Credit funds is another common type of strategy employed by hedge funds. Credit fund investments are typically based upon lending inefficiencies and are most active following economic recessions. Debt strategies include, but are not limited to:
- Distressed debt, involving investments in bank debt, corporate bonds and stock companies that are in distress.
- Fixed income, involving long-term governmental, corporate and bank bonds, convertible notes and capital notes.
Another common hedge fund strategy is arbitrage. Arbitrage strategies exploit observable price differences by concurrently purchasing and selling various investments. These strategies can often produce consistent returns and may offer less risk compared to other common strategies used by hedge funds.
While similar to arbitrage strategies, an event-driven strategy exploits pricing fluctuations that occur after specific corporate events. These events may include mergers or takeovers, liquidations, etc.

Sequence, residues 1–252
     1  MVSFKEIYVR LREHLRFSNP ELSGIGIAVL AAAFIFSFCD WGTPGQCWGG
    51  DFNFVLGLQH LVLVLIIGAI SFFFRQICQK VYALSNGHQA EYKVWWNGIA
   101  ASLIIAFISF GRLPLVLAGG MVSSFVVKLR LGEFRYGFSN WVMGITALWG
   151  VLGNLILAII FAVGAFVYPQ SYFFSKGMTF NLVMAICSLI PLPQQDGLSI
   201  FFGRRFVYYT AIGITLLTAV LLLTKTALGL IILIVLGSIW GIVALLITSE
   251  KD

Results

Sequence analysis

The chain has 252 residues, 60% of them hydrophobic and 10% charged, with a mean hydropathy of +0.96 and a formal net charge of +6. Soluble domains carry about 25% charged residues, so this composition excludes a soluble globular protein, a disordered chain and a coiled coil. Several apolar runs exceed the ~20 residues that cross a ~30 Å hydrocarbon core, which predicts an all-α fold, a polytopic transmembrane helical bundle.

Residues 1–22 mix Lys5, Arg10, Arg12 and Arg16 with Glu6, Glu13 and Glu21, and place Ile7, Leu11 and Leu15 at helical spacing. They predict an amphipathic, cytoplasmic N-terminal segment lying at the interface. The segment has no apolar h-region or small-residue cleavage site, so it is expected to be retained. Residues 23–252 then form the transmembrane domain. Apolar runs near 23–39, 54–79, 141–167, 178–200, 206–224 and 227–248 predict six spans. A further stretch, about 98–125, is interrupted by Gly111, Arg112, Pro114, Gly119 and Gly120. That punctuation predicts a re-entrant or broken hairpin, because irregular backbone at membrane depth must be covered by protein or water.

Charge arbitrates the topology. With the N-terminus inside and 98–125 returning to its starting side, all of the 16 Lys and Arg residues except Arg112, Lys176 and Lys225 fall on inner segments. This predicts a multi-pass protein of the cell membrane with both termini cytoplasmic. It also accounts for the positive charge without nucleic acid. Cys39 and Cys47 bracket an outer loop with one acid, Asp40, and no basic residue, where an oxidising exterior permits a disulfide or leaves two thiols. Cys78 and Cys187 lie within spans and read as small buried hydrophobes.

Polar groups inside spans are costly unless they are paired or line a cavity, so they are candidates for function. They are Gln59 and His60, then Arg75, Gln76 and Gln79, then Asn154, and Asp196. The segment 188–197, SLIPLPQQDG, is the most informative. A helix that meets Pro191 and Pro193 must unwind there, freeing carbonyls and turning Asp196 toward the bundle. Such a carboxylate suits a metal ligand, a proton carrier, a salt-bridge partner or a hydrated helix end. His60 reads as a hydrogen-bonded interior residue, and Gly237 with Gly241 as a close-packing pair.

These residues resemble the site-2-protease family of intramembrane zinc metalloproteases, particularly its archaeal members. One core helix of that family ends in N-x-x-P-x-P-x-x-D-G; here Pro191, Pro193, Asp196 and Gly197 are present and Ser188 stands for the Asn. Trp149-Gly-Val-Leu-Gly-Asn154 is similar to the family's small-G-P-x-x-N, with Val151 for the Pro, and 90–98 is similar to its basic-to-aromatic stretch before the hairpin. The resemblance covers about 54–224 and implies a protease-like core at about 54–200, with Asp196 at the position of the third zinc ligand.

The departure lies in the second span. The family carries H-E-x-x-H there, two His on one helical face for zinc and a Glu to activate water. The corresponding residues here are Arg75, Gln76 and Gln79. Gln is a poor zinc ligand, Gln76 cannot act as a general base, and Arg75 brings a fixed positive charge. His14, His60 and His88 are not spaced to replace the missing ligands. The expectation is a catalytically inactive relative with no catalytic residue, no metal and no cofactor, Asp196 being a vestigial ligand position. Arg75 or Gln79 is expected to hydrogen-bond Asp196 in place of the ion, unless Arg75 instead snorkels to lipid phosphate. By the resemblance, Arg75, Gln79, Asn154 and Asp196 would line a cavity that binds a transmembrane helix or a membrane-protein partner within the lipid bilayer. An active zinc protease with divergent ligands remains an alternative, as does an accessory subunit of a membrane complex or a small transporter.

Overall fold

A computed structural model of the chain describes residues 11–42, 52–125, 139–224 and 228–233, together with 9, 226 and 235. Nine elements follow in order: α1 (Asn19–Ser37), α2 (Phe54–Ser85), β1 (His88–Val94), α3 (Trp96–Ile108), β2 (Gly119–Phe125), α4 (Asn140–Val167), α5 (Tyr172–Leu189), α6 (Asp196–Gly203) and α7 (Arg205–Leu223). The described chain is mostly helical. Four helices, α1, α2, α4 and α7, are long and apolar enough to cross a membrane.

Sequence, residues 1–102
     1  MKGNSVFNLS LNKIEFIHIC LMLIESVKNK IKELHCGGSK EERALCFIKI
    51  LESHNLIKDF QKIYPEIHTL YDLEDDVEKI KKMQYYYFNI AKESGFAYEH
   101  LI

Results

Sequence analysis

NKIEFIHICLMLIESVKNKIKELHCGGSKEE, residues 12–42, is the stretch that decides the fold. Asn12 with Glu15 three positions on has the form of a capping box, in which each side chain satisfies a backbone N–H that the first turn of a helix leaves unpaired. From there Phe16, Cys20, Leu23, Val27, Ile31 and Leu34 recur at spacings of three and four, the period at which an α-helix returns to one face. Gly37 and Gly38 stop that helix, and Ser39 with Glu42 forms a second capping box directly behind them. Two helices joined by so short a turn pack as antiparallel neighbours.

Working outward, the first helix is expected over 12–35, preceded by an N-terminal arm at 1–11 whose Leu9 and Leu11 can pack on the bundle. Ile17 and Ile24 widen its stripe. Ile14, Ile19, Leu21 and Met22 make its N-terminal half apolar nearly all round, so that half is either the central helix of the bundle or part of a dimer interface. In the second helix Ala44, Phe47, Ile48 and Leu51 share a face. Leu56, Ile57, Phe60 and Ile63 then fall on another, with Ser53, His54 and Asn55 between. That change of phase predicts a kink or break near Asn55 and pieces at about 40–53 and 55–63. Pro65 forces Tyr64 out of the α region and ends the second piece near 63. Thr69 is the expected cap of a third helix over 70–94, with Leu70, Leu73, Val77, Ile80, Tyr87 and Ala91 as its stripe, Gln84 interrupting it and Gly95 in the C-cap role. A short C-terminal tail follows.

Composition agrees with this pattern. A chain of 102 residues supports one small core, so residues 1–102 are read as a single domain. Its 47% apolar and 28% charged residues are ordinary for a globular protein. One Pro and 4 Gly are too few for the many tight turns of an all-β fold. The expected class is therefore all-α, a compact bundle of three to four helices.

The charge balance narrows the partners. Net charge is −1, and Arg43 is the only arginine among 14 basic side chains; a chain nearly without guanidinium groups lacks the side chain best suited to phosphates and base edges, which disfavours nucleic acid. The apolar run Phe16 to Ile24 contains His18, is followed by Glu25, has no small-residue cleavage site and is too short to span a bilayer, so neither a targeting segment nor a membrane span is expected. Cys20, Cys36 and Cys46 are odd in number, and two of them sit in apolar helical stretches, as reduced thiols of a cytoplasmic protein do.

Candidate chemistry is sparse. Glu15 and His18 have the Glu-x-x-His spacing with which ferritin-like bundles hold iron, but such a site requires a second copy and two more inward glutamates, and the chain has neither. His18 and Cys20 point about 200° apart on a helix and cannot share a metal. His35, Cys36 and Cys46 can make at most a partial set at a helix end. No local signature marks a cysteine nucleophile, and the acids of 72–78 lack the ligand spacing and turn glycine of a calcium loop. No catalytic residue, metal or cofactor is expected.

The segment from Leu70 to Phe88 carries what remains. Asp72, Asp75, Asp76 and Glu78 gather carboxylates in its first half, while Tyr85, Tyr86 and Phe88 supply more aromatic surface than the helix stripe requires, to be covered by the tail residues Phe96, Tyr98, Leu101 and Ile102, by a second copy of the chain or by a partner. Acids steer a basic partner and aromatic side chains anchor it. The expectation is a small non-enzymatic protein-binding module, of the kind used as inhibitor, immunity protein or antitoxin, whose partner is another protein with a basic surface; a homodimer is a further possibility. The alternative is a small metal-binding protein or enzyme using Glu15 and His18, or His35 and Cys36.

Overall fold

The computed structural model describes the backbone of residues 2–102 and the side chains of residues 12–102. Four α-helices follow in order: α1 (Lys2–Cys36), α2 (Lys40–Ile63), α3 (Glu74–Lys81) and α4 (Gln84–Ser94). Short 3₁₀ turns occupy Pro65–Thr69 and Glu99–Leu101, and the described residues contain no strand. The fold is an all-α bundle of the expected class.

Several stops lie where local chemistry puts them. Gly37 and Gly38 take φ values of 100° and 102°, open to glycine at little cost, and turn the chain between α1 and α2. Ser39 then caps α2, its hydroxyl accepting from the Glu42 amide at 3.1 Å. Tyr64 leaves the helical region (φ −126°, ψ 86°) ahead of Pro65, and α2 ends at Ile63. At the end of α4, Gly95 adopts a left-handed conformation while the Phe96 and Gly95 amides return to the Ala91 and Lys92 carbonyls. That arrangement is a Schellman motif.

Hedge Fund vs. Private Equity Differences
When learning how to invest in a hedge fund, it is important to know the difference between a hedge fund and a private equity. A private equity fund involves the investment directly into companies by purchasing private companies. Private equity fund strategies commonly use leveraged buyouts as a way to acquire financially distressed businesses.
There are a number of key difference between a hedge fund and a private equity. For starters, hedge funds typically focus on liquid assets as investors can generally opt out at any time and cash out their investment. However, a private equity fund almost always requires investors to invest for a set period of time, often between seven and ten years.
Hedge fund strategies also often lead to higher risk compared to those used by private equity funds in order to achieve maximum short term profits. Private equity funds generally build return on an investments at a slower pace and are therefore able to reduce risk to investments.